What were we thinking?In search of adventure and ceramics, the artist Christopher Corr and I went to Tunisia and tried to cover the entire country in 10 days. This looks doable on the map, which shows a Florida-size wedge jimmied between Libya and Algeria (a geopolitical fact that partly explains the dearth of American tourists). Guidebooks encouraged our madness, stressing short distances between destinations while neglecting to mention the startling changes in landscape, architecture, culture, and people this North African country offers at almost every turn in the road.
Such an absurdly rich variety is wonderful but fatiguing. In a single day, we would encounter well-preserved medieval towns; gaudy beach resorts jammed with scantily clad Europeans taking disco aerobics classes; great salt lakes; mosques and minarets. In El Djem (which is to say, in the middle of nowhere), we explored a Roman coliseum that is one of the largest in the world and better preserved than Rome's. On the Mediterranean island of Jerba, in a beautifully restored synagogue, Jewish relics share a wall with etched silver hand-of-Fatima good-luck charms. And, then, of course, there's the shopping: we saw not only ceramics for sale, but also carpets, glass paintings, spices—and, in the Gabès marketplace, multicolored mounds of henna. Far too much to absorb in such a short time. Daily, we flip-flopped between exhilaration and mind-numbing exhaustion.
Christopher, a big pink Irishman, lugged around a heavy satchel of paper and paints wherever he went. We were unlikely traveling companions: I am a decisive, bossy Virgo, though in a thoroughly nice way of course (friends once dubbed me "the velvet dictator"); Christopher is reserved, soft-spoken, and, by his own description, "vague." He politely ignored me when I harangued him daily about the foolishness of wearing a sweater vest yet going hatless in the desert sun ("mad dogs and Englishmen . . ."). But we had a balance of power—he speaks French and I don't; I drive, he doesn't—and so we managed happily together. In a jaunty green Peugeot, we zigzagged through Tunisia's recognizably Mediterranean north, amid olive groves, vineyards, and picturesque Roman ruins. Then we flew south to the desert and hired an ATV with a jovial driver who looked just like Danny De Vito. The son of an almond farmer, Abdel Kader spoke no English, but we unexpectedly acquired a trilingual traveling companion—Ridha, a Berber college student on vacation—and thus became a fearless foursome for the rest of our trip. We hurtled merrily through the desert, the back of the van filling up with discarded water bottles, orange peels, and mutilated tourist maps. Christopher, in the front seat, sketched incessantly: mountains, donkeys, gas-station attendants. To annoy him, I taught Ridha useful Americanisms, such as, "Oh wow!" and "Far out." An exasperated Christopher finally took him aside and explained that American English is a primitive version of the language, one he would do best not to learn.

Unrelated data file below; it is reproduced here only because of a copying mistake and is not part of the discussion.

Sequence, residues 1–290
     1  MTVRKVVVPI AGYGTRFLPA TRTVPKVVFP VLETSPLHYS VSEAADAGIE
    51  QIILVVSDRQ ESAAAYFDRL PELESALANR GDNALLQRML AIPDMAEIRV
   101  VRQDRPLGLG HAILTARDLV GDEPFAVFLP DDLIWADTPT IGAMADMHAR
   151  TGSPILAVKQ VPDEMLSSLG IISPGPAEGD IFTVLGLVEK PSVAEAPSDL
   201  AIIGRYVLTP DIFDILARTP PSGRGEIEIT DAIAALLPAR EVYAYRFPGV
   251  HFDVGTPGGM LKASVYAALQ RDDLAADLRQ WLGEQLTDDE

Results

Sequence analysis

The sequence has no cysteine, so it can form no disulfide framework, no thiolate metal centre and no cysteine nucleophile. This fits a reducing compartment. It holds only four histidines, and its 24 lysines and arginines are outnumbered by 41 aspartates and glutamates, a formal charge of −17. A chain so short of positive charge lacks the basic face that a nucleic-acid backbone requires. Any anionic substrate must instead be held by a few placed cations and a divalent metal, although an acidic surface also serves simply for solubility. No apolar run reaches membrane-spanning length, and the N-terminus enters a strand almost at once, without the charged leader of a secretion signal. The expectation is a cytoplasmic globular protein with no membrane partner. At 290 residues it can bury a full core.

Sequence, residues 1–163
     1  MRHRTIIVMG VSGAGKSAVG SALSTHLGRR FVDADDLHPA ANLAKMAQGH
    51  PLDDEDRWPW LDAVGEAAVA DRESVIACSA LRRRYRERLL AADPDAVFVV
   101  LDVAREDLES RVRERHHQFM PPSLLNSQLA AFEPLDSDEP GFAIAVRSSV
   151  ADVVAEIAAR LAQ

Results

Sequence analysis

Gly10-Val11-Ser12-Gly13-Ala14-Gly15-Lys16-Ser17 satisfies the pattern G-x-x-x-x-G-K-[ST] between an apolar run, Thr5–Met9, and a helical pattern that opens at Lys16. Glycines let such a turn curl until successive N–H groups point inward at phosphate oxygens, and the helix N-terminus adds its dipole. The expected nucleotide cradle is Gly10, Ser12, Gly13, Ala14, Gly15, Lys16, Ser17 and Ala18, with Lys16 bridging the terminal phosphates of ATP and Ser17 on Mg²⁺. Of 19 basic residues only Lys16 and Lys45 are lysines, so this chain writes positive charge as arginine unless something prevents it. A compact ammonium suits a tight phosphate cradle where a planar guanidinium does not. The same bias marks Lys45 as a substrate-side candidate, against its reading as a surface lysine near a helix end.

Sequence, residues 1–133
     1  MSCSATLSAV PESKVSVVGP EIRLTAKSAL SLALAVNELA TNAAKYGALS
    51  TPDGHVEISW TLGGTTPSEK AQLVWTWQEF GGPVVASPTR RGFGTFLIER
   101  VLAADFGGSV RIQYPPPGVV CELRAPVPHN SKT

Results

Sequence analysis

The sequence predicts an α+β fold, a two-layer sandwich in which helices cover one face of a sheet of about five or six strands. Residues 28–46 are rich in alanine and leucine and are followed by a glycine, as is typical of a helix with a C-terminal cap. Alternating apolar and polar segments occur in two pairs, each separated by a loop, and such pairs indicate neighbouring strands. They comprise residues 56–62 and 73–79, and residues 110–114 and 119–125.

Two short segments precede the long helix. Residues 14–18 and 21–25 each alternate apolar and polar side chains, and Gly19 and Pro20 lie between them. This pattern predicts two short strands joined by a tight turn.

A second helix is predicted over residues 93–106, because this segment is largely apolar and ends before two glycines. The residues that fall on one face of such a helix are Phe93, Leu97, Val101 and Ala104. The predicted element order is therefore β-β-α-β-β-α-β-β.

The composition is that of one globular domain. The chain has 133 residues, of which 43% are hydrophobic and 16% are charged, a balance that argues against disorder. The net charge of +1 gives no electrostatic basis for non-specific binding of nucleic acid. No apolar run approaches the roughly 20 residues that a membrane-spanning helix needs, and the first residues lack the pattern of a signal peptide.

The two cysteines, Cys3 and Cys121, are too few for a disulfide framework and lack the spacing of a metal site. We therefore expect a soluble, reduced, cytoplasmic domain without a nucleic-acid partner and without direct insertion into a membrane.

An Ancient Shopping Mall
We began, logically, in the capital city, Tunis. On our first evening we drove out to the breezy, white-washed suburb of Sidi Bou Saïd, as chic and beautiful as any Greek island resort. We dined on a terrace overlooking the blue sea, surrounded by jasmine and bougainvillea. The next morning, we jolted ourselves awake with strong coffee and croissants at the sidewalk Café de Paris, just down the block from our hotel on Avenue Habib Bourguiba. (Every town in Tunisia has an Avenue Bourguiba, named for the founder of the modern republic.) Our hotel, a sixties tower called Hôtel Africa Méridien, seemed frozen in time, its service haphazard and indifferent. But the decades-old furnishings, though tattered, seem once again in vogue.
At the end of the Avenue Bourguiba is the entrance to the winding narrow streets of Tunis's medieval medina. The air here is heavy, the smells intoxicating. Our eyes teared and our nostrils stung on a street where chili peppers hung in huge garlands. In the souk of the perfumeries, homemade versions of Chanel No. 5 and Egoïste are sold from gallon jugs. Christopher and I loved losing ourselves in the medina, whose bazaar spreads out from the Great Mosque at its center: tailors, gold merchants, hatmakers, carpet sellers, spice shops, bakeries, olive vendors, book peddlers. The touts called out to us in German or Russian or French, depending on which ship had docked that day. We didn't even mind the tacky tourist shops with their stuffed camels in a dozen sizes.